Residential real estate tends to be easier to break into, since certification and licensing can often be completed in less than two months. But in the commercial space, getting in the door comes with a lot more obstacles.

“People kind of know what real estate is, but they don’t know how to get in it,” said Dixon, who believes there should be more energy placed on identifying diverse candidates for roles. “How to get in that space is virtually unseen.”

Making progress vs. staying static

Minority professionals are more likely to select a company with obvious diversity. Positions of leadership at real estate firms—from the C-suite to corporate board members and top salespersons—very often lack minority representation. “You may see a woman, which is great, but that’s really where it ends,” said Asemota-Bartholomew.

Companies need to be aware of the makeup of those at the top and challenge the hiring process from the beginning. “Demand diversity,” she said. “A lot of these organizations have chief diversity officers, but there’s limited support to them.”

“Demand diversity,” said Asemota-Bartholomew. “A lot of these organizations have chief diversity officers, but there’s limited support to them.”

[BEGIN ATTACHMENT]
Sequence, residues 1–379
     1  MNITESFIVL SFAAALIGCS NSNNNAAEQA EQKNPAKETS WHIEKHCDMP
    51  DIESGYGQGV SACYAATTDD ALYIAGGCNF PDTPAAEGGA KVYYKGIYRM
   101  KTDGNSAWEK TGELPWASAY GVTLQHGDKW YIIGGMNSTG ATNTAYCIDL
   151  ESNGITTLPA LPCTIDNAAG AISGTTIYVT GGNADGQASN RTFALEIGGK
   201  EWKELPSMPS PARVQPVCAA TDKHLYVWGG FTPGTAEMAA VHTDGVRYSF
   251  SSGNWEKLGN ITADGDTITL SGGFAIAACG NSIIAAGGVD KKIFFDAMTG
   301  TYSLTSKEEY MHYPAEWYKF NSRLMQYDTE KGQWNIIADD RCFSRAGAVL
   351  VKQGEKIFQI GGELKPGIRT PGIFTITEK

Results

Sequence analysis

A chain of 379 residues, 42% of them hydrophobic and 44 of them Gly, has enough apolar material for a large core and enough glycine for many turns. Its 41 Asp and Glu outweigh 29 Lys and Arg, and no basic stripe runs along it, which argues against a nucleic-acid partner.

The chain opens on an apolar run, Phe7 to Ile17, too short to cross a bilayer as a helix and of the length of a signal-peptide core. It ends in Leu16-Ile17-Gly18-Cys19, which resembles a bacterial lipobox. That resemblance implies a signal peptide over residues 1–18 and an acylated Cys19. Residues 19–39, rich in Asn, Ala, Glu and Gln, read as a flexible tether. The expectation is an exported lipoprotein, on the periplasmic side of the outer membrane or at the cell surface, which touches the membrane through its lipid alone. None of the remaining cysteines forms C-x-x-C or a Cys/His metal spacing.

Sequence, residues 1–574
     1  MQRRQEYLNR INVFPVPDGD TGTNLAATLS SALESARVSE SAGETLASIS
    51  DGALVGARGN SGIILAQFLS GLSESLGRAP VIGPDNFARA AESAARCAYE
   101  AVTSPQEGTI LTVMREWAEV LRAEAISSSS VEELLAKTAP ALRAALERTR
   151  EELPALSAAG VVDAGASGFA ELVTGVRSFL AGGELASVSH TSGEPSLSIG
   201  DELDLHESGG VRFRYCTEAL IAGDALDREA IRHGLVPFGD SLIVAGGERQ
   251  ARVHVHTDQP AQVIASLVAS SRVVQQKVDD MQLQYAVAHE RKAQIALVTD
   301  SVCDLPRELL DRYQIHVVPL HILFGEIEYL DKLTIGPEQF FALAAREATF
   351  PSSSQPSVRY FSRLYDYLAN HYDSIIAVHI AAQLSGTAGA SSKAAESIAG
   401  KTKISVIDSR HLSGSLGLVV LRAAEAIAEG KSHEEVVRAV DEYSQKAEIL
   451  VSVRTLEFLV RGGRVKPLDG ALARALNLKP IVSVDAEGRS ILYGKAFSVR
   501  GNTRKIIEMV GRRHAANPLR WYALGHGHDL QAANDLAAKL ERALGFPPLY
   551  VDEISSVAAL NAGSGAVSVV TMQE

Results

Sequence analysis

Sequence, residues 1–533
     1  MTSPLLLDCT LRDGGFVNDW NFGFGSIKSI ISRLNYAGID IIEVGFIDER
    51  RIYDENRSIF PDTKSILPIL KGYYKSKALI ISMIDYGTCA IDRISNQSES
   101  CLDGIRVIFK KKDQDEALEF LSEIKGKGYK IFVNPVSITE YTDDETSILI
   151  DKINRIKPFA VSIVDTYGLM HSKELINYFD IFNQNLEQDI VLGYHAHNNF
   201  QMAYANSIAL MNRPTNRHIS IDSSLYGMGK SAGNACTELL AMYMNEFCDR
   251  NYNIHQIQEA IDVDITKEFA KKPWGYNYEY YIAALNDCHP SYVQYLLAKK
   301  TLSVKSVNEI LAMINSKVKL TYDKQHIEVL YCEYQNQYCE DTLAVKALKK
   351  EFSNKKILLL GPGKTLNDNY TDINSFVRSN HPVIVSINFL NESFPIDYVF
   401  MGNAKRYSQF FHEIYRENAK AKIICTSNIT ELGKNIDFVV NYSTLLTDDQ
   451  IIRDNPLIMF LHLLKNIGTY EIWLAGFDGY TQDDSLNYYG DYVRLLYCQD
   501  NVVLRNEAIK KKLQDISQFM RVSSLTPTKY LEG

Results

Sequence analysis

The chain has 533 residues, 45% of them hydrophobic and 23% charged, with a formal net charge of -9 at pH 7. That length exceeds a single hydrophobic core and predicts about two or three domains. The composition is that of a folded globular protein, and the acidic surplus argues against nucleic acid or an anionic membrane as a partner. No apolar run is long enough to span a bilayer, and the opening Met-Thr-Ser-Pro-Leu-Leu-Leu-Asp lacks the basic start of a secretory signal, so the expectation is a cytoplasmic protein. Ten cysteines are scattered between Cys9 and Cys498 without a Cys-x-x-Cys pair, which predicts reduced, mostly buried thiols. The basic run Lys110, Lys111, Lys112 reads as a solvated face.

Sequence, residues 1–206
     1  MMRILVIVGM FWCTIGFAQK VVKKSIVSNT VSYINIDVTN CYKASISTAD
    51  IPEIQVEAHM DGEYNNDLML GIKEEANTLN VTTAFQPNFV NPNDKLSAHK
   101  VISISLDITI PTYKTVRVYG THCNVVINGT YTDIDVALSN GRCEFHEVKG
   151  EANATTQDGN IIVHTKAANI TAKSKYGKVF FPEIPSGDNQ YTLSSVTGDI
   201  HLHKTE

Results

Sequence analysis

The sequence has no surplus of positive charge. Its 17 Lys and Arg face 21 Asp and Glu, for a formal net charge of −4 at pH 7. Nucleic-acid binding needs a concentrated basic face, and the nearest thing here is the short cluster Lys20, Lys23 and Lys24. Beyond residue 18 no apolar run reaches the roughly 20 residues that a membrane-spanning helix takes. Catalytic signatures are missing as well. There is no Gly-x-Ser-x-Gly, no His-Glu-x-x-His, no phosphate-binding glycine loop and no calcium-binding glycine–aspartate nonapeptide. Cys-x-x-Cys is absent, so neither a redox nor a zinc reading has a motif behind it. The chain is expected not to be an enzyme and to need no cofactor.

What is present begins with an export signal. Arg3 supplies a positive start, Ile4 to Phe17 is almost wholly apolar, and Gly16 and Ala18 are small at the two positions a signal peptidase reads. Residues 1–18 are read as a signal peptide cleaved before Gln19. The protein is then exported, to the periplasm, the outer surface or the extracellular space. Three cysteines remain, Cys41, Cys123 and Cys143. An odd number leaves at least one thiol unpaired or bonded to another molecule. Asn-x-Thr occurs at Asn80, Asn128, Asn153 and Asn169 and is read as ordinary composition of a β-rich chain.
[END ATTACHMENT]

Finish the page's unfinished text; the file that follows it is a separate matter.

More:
Minority leaders in the field typically have a wealth of resources that could be tapped by allies in the industry. Many are alumni of college fraternities and sororities or members of Black or Hispanic professional associations that companies could be connecting with to identify talented candidates.

“I think we don’t have a lot of those conversations,” said Asemota-Bartholomew. “It’s always ‘Let me go to where I’m comfortable with.’ That’s where the issue lies. If you look at a core team and it looks the same all the time, there isn’t that conscious effort being made to diversify the team.” 

Much of the progress that is being made in the industry is thanks to organizations dedicated to advancing talented minority professionals. Project REAP and the Real Estate Executive Council  are two of the leading associations that help promote talented minority professionals in real estate through industry resources and relationship development. The programs have been around for years in the real estate industry and have a track record of success.

Meredith Marshall. Image courtesy of BRP Cos.